SOC 104 Human Geography


Campus Location:
Georgetown, Dover, Stanton, Wilmington
Effective Date:
2020-51
Prerequisite:
MAT 010, ENG 090 or ENG 091, SSC 100 or concurrent
Co-Requisites:

none

Course Credits and Hours:
3.00 credits
3.00 lecture hours/week
0.00 lab hours/week
Course Description:

This course introduces the concepts and concerns of human geography through analysis of human interaction with the environment. Topics include the use and alteration of the earth's surface as well as common geographic patterns and processes that have shaped human understanding.  In addition, human socioeconomic organization is evaluated at the global, regional, and local level.

Required Text(s):

Obtain current textbook information by viewing the campus bookstore online or visit a campus bookstore. Check your course schedule for the course number and section.

Additional Materials:

None

Schedule Type:
Classroom Course
Disclaimer:

None

Core Course Performance Objectives (CCPOs):
  1. Apply the foundational concepts of geography. (CCC 2, 5, 6)
  2. Recognize the spatial organization of the earth, and demonstrate map and globe reading skills. (CCC 2, 4, 5, 6)
  3. Explain common geographic principles, and interpret the relationship between patterns and processes. (CCC 1, 2, 5, 6)
  4. Analyze the ways in which physical and cultural features have influenced the evolution of significant historic events and movements. (CCC 1, 2, 5, 6)
  5. Define regions, and evaluate the regionalization process. (CCC 1, 2, 3, 5, 6)

See Core Curriculum Competencies and Program Graduate Competencies at the end of the syllabus. CCPOs are linked to every competency they develop.

Measurable Performance Objectives (MPOs):

Upon completion of this course, the student will:

  1. Apply the foundational concepts of geography.
    1. Differentiate among space, place, and region.
    2. Develop an appreciation of and apply the geographical imagination.
    3. Demonstrate awareness of geographic methods and the relevance of geospatial technologies to everyday life.
  2. Recognize the spatial organization of the earth, and demonstrate map and globe reading skills.
    1. Use cartographic visualizations to identify, assess, and explain phenomena in human geography.
    2. Examine themes of scale, pattern, place, and interdependence.
    3. Demonstrate map and globe reading skills.
  3. Explain common geographic principles, and interpret the relationship between patterns and processes.
    1. Distinguish among the various types of human geographic diversity.
    2. Examine population trends across space and time using a variety of geographic scales.
    3. Identify the patterns and trends of fertility, mortality, and migration.
    4. Describe the causes of population change and migration among various regions.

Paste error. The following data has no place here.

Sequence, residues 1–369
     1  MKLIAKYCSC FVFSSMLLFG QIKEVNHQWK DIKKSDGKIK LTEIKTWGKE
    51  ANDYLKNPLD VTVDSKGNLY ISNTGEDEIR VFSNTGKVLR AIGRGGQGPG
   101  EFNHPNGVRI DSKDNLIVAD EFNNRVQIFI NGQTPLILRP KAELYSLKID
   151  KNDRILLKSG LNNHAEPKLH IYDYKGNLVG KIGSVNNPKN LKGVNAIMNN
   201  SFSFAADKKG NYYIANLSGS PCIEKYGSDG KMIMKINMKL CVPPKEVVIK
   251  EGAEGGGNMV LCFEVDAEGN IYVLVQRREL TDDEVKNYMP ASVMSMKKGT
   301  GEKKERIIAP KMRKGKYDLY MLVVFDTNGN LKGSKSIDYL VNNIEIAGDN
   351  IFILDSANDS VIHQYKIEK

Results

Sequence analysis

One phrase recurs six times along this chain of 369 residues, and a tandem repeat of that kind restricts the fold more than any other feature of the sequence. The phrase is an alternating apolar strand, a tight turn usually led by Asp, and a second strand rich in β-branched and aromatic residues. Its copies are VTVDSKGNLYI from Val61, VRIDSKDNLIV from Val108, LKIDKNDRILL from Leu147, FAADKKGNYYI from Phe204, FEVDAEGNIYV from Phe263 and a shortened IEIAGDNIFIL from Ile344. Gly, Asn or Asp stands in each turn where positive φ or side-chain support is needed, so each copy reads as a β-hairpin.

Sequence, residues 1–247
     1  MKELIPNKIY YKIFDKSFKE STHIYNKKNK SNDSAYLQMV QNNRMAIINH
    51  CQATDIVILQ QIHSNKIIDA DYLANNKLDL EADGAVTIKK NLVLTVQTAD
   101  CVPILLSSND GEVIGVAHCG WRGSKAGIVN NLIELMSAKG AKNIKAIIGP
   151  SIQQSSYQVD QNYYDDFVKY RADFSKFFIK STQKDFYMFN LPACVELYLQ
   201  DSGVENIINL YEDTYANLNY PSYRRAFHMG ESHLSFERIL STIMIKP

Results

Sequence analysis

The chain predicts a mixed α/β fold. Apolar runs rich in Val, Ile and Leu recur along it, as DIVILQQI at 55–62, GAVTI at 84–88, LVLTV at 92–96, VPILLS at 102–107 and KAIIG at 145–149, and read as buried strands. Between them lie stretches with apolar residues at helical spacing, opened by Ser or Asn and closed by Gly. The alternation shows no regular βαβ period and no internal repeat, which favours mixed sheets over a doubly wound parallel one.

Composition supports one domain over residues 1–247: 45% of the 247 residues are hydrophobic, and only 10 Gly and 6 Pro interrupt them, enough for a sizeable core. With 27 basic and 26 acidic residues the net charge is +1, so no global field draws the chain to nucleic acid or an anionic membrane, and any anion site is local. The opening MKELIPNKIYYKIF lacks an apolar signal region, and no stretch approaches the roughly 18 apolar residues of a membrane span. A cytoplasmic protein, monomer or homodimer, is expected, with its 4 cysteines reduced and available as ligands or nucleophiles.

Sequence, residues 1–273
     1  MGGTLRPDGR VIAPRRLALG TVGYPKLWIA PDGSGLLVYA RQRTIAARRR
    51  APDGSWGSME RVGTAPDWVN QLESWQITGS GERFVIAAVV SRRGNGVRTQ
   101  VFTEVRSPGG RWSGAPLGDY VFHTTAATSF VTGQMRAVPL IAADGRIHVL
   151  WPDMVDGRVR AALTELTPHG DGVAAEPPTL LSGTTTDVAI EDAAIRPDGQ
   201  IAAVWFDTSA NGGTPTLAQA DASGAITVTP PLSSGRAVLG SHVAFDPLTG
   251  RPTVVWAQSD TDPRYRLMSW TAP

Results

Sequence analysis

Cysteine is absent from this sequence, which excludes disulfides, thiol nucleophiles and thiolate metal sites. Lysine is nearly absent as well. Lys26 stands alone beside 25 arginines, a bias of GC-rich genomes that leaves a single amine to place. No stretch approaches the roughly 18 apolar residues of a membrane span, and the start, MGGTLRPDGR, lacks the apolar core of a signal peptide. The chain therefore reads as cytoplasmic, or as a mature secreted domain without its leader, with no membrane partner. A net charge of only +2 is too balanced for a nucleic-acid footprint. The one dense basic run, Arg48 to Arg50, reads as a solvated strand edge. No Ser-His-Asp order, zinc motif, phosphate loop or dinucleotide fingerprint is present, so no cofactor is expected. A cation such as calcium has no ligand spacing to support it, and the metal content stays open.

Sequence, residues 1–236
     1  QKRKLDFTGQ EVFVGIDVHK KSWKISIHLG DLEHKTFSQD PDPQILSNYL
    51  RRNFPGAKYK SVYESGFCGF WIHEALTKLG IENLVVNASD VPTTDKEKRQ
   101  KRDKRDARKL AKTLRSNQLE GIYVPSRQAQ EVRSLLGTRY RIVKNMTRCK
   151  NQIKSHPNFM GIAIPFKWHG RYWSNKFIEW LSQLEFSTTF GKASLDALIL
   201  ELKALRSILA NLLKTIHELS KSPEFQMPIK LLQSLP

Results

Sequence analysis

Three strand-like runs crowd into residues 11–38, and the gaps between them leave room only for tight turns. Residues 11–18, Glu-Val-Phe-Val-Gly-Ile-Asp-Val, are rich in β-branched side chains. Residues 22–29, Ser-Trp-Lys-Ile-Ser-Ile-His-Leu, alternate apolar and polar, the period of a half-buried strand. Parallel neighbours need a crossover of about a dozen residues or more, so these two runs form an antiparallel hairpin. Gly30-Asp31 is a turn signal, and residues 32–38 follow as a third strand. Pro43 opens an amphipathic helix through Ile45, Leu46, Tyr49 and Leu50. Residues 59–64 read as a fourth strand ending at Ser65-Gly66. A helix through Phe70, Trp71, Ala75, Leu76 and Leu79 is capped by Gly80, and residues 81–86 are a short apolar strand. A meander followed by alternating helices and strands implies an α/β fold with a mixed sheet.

4. Analyze the ways in which physical and cultural features have influenced the evolution of significant historic events and movements.
    1. Examine the way culture shapes relationships between humans and the environment.
    2. Identify how geographers assess the spatial and place dimensions of cultural groups.
    3. Analyze how patterns of cultural diffusion are influenced by historical events and cultural movements.
  5. Define regions, and evaluate the regionalization process.
    1. Identify the various worldwide geographic regions.
    2. Identify and assess the forces that facilitate the evolution of diverse geographic regions.
    3. Analyze and explore phenomena that result in regional diversity.
Evaluation Criteria/Policies:

Students must demonstrate proficiency on all CCPOs at a minimal 75 percent level to successfully complete the course. The grade will be determined using the Delaware Tech grading system:

92 100 = A
83 91 = B
75 82 = C
0 74 = F

Students should refer to the Student Handbook for information on the Academic Standing Policy, the Academic Integrity Policy, Student Rights and Responsibilities, and other policies relevant to their academic progress.

Final Course Grade:

Calculated using the following weighted average

Evaluation Measure

Percentage of final grade

4 Exams (Summative) @ 15% each

60%

Capstone (Summative)

15%

Formative Assessments

25%

TOTAL

100%

Core Curriculum Competencies (CCCs are the competencies every graduate will develop):
  1. Apply clear and effective communication skills.
  2. Use critical thinking to solve problems.
  3. Collaborate to achieve a common goal.
  4. Demonstrate professional and ethical conduct.
  5. Use information literacy for effective vocational and/or academic research.
  6. Apply quantitative reasoning and/or scientific inquiry to solve practical problems.
Program Graduate Competencies (PGCs are the competencies every graduate will develop specific to his or her major):

None

Disabilities Support Statement:

The College is committed to providing reasonable accommodations for students with disabilities. Students are encouraged to schedule an appointment with the campus Disabilities Support Counselor to request an accommodation needed due to a disability. A listing of campus Disabilities Support Counselors and contact information can be found at the disabilities services web page or visit the campus Advising Center.

Minimum Technology Requirements:
Minimum technology requirements for online, hybrid, video conferencing and web conferencing courses.